Who attacked Caesar or Pompey first?

Civil Wars: How Caesar Lost a Battle against Pompey

When Caesar in January 49 BC When he crossed the Rubicon river with 3,000 soldiers, which separated his area of ​​command from Italy, he is said to have spoken of a game of dice for good reason. Because the victory in the civil war, which he opened with it, was by no means as unambiguous as it would be in hindsight. A game of risk with the highest stakes began, in which the opposing party also had good cards.

In July 48, Caesar had locked his former ally Pompeius, who had now taken over the leadership of the Senate army, at Dyrrhachium (Durrës in Albania). But he blew up the blockade ring and drove Caesar to the brink of catastrophe. "Today the enemy would have won," commented Caesar, "if they had a winner."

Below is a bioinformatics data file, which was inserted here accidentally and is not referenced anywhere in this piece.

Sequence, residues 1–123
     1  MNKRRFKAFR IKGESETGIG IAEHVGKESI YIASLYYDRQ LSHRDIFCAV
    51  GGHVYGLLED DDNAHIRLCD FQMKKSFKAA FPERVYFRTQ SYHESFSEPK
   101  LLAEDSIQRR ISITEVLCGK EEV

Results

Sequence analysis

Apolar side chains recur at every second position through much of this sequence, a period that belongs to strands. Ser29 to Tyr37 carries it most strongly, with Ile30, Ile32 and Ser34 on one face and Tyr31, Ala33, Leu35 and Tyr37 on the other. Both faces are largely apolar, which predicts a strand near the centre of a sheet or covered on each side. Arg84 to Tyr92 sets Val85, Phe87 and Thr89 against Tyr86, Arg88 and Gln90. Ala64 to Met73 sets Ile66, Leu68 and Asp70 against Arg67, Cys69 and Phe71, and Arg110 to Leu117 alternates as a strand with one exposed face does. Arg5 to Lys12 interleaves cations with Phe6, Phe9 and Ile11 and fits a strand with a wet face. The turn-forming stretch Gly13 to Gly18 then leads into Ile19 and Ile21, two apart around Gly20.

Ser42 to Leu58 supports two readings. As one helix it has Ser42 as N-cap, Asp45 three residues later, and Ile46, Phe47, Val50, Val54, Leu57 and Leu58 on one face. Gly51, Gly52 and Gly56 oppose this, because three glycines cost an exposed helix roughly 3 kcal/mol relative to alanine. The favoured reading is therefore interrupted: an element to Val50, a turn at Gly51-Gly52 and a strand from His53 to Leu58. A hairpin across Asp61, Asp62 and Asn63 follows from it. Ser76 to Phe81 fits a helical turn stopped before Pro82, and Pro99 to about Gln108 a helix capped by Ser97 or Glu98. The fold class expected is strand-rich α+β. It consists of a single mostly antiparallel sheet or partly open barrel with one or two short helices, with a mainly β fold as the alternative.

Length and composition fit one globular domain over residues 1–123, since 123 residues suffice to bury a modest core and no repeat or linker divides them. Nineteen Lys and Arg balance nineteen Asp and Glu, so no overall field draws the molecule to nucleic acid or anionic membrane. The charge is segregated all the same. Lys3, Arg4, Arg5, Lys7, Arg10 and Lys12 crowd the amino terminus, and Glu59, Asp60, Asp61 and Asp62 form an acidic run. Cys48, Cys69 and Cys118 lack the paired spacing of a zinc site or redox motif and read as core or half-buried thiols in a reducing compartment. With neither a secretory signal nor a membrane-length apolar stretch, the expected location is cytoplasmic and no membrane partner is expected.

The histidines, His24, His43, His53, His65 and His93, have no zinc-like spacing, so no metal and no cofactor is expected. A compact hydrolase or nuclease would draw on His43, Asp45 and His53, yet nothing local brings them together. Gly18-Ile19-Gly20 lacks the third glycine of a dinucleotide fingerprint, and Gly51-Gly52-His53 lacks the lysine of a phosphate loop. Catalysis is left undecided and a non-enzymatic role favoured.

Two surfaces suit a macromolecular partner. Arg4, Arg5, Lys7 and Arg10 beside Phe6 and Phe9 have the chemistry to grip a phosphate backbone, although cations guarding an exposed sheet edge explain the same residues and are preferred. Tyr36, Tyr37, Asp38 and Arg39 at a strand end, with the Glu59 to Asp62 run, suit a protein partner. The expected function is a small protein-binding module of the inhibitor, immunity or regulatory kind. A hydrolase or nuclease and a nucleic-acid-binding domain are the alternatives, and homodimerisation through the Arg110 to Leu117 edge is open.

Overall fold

It is true that Caesar was able to make decisions and carry out actions much faster than his opponents - from a personal point of view and in the role of an insurgent general. But that could only partially compensate for the lack of soldiers and the lack of a fleet. After the Senate declared him an enemy of the state, Pompey managed to cross the Adriatic Sea unmolested with five legions from Brundisium (Brindisi). In Dyrrhachium, at the starting point of the famous Via Egnatia, he moved into an extensive camp and began to mobilize the almost immeasurable resources of the East for the fight against Caesar.